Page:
Digital equity initiative continues with Chromebook distribution

Credit: DaytonDailyNews

Residents in five Dayton public housing communities began receiving free Chromebooks Wednesday as part of the Montgomery County Digital Equity Initiative.

Credit: DaytonDailyNews

Public housing units also provided with free W-Fi to help bridge digital divide.

Residents in five Dayton public housing communities received free Chromebooks Wednesday as part of the Montgomery County Digital Equity Initiative funded largely with $2 million in CARES Act dollars that also paid for the installation of free Wi-Fi networks.

“This is what we need to have and allows us to survive in today’s world,” said Inez Bruner, a resident of Park Manor, who was among those receiving a Chromebook during the first distribution Wednesday.

About 40,000 households — or 13% — in the Dayton metro area lacked access to the internet, according to 2018 Census Bureau American Community Survey data. About 9% of households had no computer and about 9.6% had a smart phone but no computer.

“Dayton, Montgomery County — our whole region — has known for quite some time that not every single person is able to access the internet,” said Montgomery County Commission President Judy Dodge.

Dodge said the roughly 1,000 Chromebooks going out in the current distribution will only help bridge the digital divide a little bit, but “every little bit helps.”

About 2,360 residents in 875 public housing units will directly benefit from the free Chromebooks and Wi-Fi, said Jennifer Heapy, CEO of Greater Dayton Premier Management, the county’s public housing authority.

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Credit: STAFF

“It’s going to help our residents take full advantage of those benefits in our community,” Heapy said.

The ability to use the internet will assist residents with job searches and interviews as well as for education and other pursuits, Heapy said.

“This is just going to be such a help to them to be able to let just do simple things,” she said. “Some of them can’t get out and walk much or drive. They can get on and get doctor’s advice from telehealth, as well as just so many other things.”

Robert Ward looks up at an outdoor internet access point installed outside his Desoto Bass Courts apartment in Dayton. A nearly $3 million initiative will help close a digital divide by bringing broadband and computer devices to residents of five Dayton public housing complexes. CHRIS STEWART / STAFF
Robert Ward looks up at an outdoor internet access point installed outside his Desoto Bass Courts apartment in Dayton. A nearly $3 million initiative will help close a digital divide by bringing broadband and computer devices to residents of five Dayton public housing complexes. CHRIS STEWART / STAFF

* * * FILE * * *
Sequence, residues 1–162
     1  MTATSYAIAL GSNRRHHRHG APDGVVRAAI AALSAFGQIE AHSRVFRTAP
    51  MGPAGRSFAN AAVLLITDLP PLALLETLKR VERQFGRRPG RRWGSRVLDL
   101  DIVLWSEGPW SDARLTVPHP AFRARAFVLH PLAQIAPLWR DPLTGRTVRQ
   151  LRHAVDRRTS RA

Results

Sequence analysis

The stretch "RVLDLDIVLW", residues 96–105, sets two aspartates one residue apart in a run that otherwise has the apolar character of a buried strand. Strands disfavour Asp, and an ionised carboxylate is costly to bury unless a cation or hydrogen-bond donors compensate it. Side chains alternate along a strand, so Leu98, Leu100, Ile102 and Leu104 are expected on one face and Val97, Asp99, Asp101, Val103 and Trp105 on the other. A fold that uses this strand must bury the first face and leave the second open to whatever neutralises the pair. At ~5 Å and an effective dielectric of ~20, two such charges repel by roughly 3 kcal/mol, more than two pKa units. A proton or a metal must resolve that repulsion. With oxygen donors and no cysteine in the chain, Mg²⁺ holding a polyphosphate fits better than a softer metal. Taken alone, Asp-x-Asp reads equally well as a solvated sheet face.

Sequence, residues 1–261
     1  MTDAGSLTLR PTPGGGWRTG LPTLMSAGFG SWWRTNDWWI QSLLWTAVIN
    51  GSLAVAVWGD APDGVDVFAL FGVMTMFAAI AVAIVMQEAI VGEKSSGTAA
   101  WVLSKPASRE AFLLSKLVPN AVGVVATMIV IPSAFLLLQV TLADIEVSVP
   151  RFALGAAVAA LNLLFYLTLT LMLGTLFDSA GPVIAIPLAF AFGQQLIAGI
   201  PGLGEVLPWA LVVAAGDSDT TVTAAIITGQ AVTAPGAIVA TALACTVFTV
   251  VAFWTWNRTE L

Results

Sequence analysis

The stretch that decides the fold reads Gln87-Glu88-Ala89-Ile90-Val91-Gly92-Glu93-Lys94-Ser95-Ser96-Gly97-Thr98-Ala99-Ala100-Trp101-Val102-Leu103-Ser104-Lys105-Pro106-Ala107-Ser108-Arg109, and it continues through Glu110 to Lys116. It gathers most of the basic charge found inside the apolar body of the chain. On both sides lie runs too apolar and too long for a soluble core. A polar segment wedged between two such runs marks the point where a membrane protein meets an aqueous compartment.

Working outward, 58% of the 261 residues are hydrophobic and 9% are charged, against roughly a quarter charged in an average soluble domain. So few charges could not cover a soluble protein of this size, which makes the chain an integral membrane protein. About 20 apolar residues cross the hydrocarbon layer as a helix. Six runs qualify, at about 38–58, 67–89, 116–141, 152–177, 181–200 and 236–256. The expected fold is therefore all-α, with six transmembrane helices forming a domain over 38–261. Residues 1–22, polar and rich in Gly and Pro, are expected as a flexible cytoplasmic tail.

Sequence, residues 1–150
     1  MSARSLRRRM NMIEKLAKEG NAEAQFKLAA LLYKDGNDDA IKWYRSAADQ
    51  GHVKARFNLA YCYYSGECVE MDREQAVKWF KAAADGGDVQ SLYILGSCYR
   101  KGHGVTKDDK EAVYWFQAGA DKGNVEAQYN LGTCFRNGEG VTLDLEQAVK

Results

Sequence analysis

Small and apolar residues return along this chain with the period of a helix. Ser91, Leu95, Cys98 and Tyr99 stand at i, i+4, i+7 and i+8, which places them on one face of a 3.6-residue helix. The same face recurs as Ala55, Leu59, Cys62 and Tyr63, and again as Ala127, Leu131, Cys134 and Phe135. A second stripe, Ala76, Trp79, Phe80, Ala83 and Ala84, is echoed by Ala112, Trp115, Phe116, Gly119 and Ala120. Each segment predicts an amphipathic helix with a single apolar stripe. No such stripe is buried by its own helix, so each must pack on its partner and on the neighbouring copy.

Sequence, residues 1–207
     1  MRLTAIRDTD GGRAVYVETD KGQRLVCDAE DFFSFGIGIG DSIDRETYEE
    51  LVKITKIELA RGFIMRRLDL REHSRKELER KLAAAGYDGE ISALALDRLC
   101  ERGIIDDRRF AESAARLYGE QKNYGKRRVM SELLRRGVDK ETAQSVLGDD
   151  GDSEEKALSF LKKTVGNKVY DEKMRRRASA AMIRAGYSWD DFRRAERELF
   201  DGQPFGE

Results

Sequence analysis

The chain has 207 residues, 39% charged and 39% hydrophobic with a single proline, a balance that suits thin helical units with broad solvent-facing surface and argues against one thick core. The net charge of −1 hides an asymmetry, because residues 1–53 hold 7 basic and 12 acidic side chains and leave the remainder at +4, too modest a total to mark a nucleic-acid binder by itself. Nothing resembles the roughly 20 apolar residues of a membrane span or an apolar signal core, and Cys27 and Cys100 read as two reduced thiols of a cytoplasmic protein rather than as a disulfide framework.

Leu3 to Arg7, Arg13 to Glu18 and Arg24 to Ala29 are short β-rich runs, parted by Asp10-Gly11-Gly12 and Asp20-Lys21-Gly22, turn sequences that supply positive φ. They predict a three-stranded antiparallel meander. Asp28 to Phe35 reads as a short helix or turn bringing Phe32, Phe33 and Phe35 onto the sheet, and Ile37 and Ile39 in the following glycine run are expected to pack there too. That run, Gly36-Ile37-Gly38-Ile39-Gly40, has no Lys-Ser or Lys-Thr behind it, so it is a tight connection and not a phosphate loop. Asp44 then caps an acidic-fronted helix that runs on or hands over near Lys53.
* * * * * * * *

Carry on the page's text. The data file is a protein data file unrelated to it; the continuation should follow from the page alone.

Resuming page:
Credit: Chris Stewart

Credit: Chris Stewart

Employees of Cincinnati Bell, which installed the Wi-Fi systems, and CareSource, whose foundation is covering monthly service fees, were at Park Manor Wednesday helping residents set up the Chromebook devices and connect to the internet.

“What’s really important is not only to provide the Wi-Fi, but to provide the devices and the training on how to use the devices,” said John Putnman, director of UniCity at Cincinnati Bell.

The distribution will continue this week and next at Wilkinson Plaza, Westdale Terrace, Fitch and Hawthorn and Desoto Bass Courts.

Community partners launched the $2.8 million digital equity initiative in October. CareSource Foundation funding of $400,000 will help sustain the project for up to three years, but new cash infusions will be needed to keep the service running longer.

Local stakeholders working on sustainable funding for the Digital Equity Initiative include: the city of Dayton, Greater Dayton Regional Transit Authority, Dayton Public Schools, Dayton Development Coalition, Dayton Area Chamber of Commerce, DP&L, CityWide Development Corp., Techknowvate, Montgomery County Educational Service Center, Dayton Children’s Hospital, Five Rivers Health Centers and Technology First.

Bruner said she is still able to drive, but the Chromebook will allow her to take more precautions against the coronavirus.

“This keeps me safer. I can order my groceries online and pick them up,” she said.

The Chromebook distribution Wednesday was the first time in months Bruner has seen many of her neighbors – and expects it will be more months before she sees them again, making the Chromebook a way to stay connected to the community.

“It gives us freedom,” she said.

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